Series: Turning Points in History

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Works (7)

D-Day (Turning Points in History) by Martin Gilbert
Fall of the Bastille (Turning Points in History) by Stewart Ross
Jackie Robinson and the Integration of Baseball (Turning Points in History) by Scott Simon
Founding Sisters and the Nineteenth Amendment (Turning Points in History) by Eleanor Clift5
The Fall of the Berlin Wall by Jr. William F. Buckley6
Edward R. Murrow and the Birth of Broadcast Journalism by Bob Edwards8
The Beatles Come to America by Martin Goldsmith10

Related tags


  1. WW2 Victory in Europe Experience: From D-Day to the Destruction of theThird Reich by Julian Thompson (2005)
  2. Murrow: His Life and Times by A.M. Sperber (1986)
  3. The Last Division: A History of Berlin, 1945-1989 by Ann Tusa (1996)
  4. Opening Day: The Story of Jackie Robinson's First Season by Jonathan Eig (2007)
  5. Feminism and Suffrage: The Emergence of an Independent Women's Movement in America, 1848-1869 by Ellen Carol DuBois (1978)
  6. Century of Struggle: The Woman's Rights Movement in the United States by Eleanor Flexner (1959)
  7. The Murrow Boys: Pioneers on the Front Lines of Broadcast Journalism by Lynne Olson (1996)
  8. Baseball's great experiment : Jackie Robinson and his legacy by Jules Tygiel (1983)
  9. A Constructed Peace: The Making of the European Settlement, 1945-1963 by Marc Trachtenberg (1999)
  10. Utah Beach: The Amphibious Landing And Airborne Operations On D-Day, June 6, 1944 by Joseph Balkoski (2005)
  11. Great Time Coming: The Life Of Jackie Robinson From Baseball to Birmingham by David Falkner (1995)
  12. The Fall of the Berlin Wall: The Revolutionary Legacy of 1989 by Jeffrey A. Engel (2009)
  13. World War II on the Air: Edward R. Murrow and the Broadcasts That Riveted a Nation by Mark Bernstein (2003)
  14. Other Powers: The Age of Suffrage, Spiritualism, and the Scandalous Victoria Woodhull by Barbara Goldsmith (1998)
  15. Fighting Them on the Beaches: The D-Day Landings June 6, 1944 by Nigel Cawthorne (2002)

Series description


How do series work?

To create a series or add a work to it, go to a "work" page. The "Common Knowledge" section now includes a "Series" field. Enter the name of the series to add the book to it.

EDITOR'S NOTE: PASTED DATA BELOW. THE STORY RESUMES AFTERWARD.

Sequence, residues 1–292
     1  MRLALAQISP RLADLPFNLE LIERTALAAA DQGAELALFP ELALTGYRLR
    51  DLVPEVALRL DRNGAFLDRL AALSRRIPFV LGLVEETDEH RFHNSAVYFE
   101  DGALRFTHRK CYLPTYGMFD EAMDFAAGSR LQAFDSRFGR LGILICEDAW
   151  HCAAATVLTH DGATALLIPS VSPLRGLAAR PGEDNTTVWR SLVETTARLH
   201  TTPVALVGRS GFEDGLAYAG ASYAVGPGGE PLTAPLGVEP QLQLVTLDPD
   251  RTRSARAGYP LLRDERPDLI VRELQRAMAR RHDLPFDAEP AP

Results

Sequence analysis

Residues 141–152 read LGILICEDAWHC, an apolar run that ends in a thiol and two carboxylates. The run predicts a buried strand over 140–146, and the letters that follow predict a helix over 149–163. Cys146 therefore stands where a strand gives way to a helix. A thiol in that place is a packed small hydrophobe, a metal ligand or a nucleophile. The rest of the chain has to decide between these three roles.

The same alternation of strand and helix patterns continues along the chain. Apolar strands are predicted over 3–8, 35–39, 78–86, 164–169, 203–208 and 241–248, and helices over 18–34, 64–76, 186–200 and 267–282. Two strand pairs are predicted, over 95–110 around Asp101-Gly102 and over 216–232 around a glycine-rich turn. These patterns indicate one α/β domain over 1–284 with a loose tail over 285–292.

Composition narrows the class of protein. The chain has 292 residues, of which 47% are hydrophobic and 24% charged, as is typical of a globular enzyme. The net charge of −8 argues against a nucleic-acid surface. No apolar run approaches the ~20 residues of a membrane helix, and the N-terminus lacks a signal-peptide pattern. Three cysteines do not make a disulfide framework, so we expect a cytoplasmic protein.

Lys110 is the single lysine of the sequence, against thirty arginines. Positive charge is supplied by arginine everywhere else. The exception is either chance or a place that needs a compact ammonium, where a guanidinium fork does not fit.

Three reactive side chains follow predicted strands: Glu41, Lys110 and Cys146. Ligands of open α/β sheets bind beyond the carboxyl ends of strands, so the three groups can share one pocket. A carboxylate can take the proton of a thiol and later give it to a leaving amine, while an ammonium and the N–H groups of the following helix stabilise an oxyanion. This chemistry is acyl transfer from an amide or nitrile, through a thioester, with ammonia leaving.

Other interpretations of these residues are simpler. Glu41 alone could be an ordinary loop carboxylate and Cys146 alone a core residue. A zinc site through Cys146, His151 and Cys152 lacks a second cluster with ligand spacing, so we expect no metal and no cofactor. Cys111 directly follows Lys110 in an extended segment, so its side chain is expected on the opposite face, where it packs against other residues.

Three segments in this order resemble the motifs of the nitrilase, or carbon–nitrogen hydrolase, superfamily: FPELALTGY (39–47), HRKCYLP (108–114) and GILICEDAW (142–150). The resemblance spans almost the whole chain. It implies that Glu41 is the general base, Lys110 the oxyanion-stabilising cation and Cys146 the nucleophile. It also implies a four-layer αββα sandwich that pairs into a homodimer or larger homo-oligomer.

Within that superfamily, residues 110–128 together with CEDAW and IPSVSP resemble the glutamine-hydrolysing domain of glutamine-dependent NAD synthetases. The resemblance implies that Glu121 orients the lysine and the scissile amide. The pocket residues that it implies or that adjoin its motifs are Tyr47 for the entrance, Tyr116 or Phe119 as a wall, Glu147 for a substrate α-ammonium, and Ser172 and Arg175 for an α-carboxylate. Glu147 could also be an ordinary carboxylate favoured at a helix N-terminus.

Works can belong to more than one series. In some cases, as with Chronicles of Narnia, disagreements about order necessitate the creation of more than one series.

Tip: If the series has an order, add a number or other descriptor in parenthesis after the series title (eg., "Chronicles of Prydain (book 1)"). By default, it sorts by the number, or alphabetically if there is no number. If you want to force a particular order, use the | character to divide the number and the descriptor. So, "(0|prequel)" sorts by 0 under the label "prequel."

What isn't a series?

Series was designed to cover groups of books generally understood as such (see Wikipedia: Book series). Like many concepts in the book world, "series" is a somewhat fluid and contested notion. A good rule of thumb is that series have a conventional name and are intentional creations, on the part of the author or publisher. For now, avoid forcing the issue with mere "lists" of works possessing an arbitrary shared characteristic, such as relating to a particular place. Avoid series that cross authors, unless the authors were or became aware of the series identification (eg., avoid lumping Jane Austen with her continuators).

Also avoid publisher series, unless the publisher has a true monopoly over the "works" in question. So, the Dummies guides are a series of works. But the Loeb Classical Library is a series of editions, not of works.


ts3155 (5), Sylak (3), nathanielcampbell (2), sacredheart25 (1), BogAl (1)
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